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Preventive and contraceptive counseling in managed care visits

Heike Thiel de Bocanegra

Bixby Center for Global Reproductive Health, Department of Obstetrics, Gynecology, and Reproductive Sciences University of California, San Francisco, San Francisco, CA, USA

E-mail : aa

Alia McKean

Bixby Center for Global Reproductive Health, Department of Obstetrics, Gynecology, and Reproductive Sciences University of California, San Francisco, San Francisco, CA, USA

Denis Hulett

California Medical Research Institute, University of California, San Francisco, San Francisco, CA, USA

Mary Bradsberry

Bixby Center for Global Reproductive Health, Department of Obstetrics, Gynecology, and Reproductive Sciences University of California, San Francisco, San Francisco, CA, USA

Philip Darney

Bixby Center for Global Reproductive Health, Department of Obstetrics, Gynecology, and Reproductive Sciences University of California, San Francisco, San Francisco, CA, USA

DOI: 10.15761/COGRM.1000201

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Abstract

Background: Compared to women’s health providers, primary care physicians are less likely to provide contraceptive counseling and are more likely to provide preventive counseling. We evaluated clinical visits with both preventive and contraceptive counseling, to identify the potential of integrated health services.

Methods: Procedure and diagnosis codes were used to identify annual or family planning visits of women aged 13-49. Five managed care plans identified providers with at least fifteen of these visits in 2013. We abstracted 1,054 visits and performed a multilevel logistic regression analysis, with clinic site as the level-2 random effect, controlling for age, visit reason, clinic specialty, and non-contraceptive service.

Results: In 134 visits, both contraceptive and preventive counseling occurred. Women were more likely to receive both types of counseling when they had family planning (OR=5.9, 95% CI=2.7-12.7) or reproductive health (OR=3.1, 95% CI=1.6-6.0) visit reasons; received non-contraceptive services (OR=2.6, 95% CI=1.3-5.3) or visited multispecialty clinics (OR=38, 95% CI=4.9-273.9) and less likely if women were referred for primary care services (OR=0.1, 95% CI=0.1-0.9).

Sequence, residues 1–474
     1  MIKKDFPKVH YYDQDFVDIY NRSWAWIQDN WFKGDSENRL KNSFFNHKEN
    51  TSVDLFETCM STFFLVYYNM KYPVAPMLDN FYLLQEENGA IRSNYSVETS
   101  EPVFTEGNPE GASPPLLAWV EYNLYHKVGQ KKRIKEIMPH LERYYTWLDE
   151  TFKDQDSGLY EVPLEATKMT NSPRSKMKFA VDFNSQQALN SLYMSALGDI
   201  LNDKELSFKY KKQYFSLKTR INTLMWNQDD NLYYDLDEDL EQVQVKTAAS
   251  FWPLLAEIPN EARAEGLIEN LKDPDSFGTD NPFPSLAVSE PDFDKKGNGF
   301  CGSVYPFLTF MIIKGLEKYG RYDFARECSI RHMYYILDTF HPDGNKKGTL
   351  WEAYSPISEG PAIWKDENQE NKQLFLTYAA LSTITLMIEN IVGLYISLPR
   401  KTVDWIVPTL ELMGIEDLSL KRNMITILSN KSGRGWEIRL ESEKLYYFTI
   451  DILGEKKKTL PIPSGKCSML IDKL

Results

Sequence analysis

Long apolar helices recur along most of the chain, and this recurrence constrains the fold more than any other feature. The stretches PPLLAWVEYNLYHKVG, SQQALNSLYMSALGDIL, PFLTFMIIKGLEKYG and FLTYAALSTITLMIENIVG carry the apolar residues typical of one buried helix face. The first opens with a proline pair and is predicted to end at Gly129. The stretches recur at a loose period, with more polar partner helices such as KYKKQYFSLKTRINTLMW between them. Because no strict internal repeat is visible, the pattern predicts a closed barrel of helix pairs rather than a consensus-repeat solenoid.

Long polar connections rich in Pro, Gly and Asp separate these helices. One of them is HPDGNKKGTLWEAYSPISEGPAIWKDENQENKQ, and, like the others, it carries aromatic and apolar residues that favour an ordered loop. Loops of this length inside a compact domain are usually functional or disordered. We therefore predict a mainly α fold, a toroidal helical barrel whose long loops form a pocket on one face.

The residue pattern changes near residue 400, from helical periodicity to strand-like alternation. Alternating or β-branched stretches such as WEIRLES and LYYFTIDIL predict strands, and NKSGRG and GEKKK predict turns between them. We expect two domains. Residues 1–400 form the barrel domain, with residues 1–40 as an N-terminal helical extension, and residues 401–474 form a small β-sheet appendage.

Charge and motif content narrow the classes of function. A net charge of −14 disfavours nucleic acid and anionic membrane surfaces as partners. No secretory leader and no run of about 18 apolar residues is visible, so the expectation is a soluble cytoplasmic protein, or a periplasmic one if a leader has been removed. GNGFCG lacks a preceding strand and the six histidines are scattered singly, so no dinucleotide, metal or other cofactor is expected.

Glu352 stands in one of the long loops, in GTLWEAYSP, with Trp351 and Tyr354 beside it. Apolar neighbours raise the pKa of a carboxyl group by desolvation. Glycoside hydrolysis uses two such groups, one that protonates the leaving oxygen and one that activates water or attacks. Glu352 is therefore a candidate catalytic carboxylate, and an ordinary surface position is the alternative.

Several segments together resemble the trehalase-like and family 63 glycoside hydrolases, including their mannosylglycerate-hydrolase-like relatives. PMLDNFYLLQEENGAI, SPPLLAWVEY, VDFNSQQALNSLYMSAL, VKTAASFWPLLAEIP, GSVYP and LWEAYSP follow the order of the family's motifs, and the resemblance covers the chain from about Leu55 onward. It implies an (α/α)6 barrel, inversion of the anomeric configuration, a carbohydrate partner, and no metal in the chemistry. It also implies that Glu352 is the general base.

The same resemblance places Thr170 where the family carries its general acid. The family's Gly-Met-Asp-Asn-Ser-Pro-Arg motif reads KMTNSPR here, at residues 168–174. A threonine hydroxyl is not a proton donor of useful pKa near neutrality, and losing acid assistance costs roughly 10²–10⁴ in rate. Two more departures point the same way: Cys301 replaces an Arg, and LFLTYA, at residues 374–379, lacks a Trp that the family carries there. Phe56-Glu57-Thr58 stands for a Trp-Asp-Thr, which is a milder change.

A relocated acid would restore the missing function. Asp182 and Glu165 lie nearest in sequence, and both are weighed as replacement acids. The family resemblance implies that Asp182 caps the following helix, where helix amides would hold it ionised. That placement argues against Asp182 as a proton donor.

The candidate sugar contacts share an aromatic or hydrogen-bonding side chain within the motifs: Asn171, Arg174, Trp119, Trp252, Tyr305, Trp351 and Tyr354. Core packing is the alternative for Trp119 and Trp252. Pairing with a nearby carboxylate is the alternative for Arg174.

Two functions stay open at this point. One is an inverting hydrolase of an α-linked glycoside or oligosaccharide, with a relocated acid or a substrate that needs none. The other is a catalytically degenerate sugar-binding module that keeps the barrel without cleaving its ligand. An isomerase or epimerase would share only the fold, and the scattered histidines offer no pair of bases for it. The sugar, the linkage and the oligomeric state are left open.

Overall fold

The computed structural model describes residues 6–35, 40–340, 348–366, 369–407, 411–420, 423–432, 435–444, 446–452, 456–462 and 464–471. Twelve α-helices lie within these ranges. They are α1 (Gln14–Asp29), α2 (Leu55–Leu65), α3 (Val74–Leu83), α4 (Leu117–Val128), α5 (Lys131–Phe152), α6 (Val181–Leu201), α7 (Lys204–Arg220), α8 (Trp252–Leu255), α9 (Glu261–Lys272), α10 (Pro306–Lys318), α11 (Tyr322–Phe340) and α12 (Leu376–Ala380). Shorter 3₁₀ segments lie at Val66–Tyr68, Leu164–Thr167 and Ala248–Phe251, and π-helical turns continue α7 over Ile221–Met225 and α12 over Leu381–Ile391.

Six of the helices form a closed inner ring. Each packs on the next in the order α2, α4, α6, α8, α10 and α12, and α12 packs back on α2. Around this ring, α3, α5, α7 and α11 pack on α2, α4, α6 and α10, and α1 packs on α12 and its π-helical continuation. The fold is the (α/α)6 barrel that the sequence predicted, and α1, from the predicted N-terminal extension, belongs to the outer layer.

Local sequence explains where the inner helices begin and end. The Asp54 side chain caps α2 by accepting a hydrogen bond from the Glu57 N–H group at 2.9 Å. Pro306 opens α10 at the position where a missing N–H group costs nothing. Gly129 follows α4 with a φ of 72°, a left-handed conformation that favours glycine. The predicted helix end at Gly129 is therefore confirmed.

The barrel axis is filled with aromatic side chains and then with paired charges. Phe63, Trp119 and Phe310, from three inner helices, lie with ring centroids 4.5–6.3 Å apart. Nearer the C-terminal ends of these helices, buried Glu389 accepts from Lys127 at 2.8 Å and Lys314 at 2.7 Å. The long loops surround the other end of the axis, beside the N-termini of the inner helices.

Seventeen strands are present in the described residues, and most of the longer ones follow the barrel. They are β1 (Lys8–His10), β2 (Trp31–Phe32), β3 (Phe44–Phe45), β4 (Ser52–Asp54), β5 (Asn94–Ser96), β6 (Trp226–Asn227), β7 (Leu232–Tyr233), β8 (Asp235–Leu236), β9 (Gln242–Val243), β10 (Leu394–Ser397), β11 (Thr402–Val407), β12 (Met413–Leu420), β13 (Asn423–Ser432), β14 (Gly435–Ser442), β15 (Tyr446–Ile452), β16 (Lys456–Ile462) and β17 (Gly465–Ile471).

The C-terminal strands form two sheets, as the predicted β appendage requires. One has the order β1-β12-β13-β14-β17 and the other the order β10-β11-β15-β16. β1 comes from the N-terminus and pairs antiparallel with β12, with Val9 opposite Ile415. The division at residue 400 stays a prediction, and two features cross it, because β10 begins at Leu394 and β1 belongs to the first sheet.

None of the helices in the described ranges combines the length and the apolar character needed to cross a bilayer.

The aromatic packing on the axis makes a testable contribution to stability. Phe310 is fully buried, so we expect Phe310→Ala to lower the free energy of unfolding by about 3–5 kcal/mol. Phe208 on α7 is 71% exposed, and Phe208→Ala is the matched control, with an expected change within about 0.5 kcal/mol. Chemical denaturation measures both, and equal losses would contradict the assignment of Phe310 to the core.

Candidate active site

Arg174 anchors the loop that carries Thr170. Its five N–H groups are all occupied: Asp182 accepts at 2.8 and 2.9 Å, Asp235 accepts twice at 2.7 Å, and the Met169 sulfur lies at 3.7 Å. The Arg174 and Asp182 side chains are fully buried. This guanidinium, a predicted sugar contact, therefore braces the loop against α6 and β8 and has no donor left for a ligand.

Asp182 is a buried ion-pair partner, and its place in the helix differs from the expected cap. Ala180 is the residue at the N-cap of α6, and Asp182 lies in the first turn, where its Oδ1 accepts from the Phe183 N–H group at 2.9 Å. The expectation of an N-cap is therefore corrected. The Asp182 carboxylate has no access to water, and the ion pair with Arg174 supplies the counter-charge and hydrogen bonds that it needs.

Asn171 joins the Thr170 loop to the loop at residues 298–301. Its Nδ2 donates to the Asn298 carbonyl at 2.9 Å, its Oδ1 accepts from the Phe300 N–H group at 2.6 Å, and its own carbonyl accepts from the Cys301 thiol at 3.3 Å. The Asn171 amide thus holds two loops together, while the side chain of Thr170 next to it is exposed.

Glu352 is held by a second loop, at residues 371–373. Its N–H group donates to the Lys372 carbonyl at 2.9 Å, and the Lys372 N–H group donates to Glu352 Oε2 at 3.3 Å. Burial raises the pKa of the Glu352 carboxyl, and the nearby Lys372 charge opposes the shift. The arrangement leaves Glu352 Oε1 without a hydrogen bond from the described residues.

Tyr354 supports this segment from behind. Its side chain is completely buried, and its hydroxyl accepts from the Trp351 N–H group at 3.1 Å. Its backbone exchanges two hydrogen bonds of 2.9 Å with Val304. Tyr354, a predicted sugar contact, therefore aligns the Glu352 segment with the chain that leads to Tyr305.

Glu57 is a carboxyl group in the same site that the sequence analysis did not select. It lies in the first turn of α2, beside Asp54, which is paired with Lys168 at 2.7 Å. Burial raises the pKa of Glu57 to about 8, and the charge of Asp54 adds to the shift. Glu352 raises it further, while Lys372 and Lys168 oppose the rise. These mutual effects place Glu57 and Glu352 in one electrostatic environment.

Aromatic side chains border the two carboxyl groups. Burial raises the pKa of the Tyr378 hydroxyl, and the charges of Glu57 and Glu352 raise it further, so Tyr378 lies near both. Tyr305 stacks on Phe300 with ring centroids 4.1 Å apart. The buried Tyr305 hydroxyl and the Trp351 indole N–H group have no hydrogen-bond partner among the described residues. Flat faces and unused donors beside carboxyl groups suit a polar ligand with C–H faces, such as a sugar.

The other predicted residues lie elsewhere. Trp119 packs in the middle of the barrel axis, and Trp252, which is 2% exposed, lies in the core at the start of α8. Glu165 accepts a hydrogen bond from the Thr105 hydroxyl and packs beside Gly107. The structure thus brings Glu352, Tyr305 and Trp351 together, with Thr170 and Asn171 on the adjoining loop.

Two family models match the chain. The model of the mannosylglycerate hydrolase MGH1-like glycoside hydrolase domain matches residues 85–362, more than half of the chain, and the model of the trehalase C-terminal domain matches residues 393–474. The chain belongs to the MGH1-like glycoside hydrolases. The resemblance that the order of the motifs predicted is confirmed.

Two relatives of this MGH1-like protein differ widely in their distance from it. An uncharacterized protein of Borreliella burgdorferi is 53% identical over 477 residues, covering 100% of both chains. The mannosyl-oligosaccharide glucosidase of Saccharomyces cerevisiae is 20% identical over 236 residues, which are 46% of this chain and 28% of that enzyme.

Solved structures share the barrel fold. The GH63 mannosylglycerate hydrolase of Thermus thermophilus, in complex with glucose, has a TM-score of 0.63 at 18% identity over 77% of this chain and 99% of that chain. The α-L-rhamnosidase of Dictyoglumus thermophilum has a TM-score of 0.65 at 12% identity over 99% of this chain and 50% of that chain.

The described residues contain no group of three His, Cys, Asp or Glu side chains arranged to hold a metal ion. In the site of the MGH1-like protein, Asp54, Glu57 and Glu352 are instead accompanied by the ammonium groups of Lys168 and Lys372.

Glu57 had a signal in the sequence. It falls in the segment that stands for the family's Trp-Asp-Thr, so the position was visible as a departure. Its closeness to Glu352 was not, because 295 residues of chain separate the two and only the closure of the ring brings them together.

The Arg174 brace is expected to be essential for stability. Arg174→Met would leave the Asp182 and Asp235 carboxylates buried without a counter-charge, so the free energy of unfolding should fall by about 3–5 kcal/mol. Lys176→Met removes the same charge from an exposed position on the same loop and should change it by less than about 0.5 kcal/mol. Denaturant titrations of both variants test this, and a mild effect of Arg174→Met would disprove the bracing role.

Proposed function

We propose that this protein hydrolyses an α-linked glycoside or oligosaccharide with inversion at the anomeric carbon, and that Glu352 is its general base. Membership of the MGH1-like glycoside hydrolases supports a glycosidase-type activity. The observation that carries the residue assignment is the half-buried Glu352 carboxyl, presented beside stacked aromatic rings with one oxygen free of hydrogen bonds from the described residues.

Conclusion: Combined counseling occurs mainly in family planning visits and when preventive health is included in the visit rather than referred out.  Clinicians at multispecialty sites are more likely to integrate contraceptive and preventive counseling than those at family planning or primary care clinics. Annual visits represent a valuable opportunity to provide both types of counseling.

Key words

 family planning, contraception, prevention, counseling, health care delivery, managed care, primary care, quality of care

Introduction

The 2010 Affordable Care Act (ACA) elevated disease prevention as a national priority, requiring that health plans cover a variety of preventive screening and counseling services without co-payment [1,2]. According to ACA guidelines, preventive services comprise screening and counseling for obesity, substance use, sexually transmitted infections (STIs), and cervical cancer. Contraceptive counseling and service provision are also included under the umbrella of “preventive services” [3]. Yet, provision of preventive health and contraceptive counseling tend to occur in separate contexts.